Friday, March 23, 2018

Computers, Health and the Net

Can the Internet and computers help keep us healthy? It depends on how it is used and what sites we rely on to get our information. A recent study found that computer-delivered interventions show that using the computer and the Internet can work in some areas but not in others. Data from 75 randomized controlled trials, published between 1988 and 2007, with 35,685 participants and 82 separate interventions were included in the study. The researchers found that Computer-delivered intervention (CDIs) can lead to immediate post-intervention improvements in health-related knowledge, attitudes, and intentions as well as modifying health behaviors such as dietary intake, tobacco use, substance use, safer sexual behavior, binge/purging behaviors, and general health maintenance.
The researchers believe that computer-delivered interventions may help some participants organize previously latent motivation and behavioral skills at a critical moment, leading to improved health behaviors.
CDIs do not provide benefits in all contexts; the evidence does not support the use of CDIs to improve physical activity, weight loss, or diabetes self-management. Nonetheless, there is sufficient evidence to continue to investigate the benefits and limits of CDIs, to explore patient- and intervention-characteristics that facilitate health behavior change, and to determine the long-term effects of CDIs.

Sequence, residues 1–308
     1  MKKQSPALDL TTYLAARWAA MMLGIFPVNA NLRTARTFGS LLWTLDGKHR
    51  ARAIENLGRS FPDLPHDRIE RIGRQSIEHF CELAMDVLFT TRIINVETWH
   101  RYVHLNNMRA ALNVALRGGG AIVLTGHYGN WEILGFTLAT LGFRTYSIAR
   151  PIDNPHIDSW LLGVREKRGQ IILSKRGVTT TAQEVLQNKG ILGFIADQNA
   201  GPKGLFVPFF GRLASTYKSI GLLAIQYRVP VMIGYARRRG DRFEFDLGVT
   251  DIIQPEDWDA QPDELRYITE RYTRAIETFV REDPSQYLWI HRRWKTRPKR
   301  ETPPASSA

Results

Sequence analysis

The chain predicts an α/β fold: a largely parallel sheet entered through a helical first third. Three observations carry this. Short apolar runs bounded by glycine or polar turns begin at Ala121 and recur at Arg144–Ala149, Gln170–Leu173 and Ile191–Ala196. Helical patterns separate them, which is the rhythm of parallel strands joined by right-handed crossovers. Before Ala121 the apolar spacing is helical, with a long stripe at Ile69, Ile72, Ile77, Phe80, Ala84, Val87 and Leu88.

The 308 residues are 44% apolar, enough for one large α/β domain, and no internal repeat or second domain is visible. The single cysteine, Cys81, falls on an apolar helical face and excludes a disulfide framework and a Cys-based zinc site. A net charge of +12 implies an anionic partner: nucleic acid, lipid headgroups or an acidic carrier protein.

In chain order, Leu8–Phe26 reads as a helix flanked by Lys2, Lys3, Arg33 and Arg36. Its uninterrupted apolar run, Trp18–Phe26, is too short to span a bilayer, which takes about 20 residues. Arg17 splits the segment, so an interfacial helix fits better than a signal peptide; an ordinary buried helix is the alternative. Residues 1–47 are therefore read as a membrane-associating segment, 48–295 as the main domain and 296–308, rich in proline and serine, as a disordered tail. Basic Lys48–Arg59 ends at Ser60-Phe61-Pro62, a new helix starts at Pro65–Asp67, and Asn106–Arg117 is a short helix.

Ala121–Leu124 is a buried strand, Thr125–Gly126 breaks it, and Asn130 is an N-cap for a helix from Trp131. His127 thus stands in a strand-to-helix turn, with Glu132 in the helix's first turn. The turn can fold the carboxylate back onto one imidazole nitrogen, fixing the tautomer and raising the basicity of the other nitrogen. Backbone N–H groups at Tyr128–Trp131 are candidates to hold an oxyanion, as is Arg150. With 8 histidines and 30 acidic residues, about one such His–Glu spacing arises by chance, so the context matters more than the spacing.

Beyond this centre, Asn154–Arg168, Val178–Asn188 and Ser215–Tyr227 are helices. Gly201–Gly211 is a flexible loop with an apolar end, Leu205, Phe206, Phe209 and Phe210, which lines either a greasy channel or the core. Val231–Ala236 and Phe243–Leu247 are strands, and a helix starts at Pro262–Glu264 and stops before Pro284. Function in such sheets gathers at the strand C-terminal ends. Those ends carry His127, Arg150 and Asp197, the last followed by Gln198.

The research also looked at how long the changes might last. Some would argue that health behaviors are likely to recur (some would say “relapse”) when environmental conditions change (e.g., during increased stress), and the influence of the intervention wanes. The researcher found that computer-delivered interventions often exhibited uniform impact on outcomes despite the variability in follow-up duration, suggesting that the impact of computer-delivered intervention can be durable.

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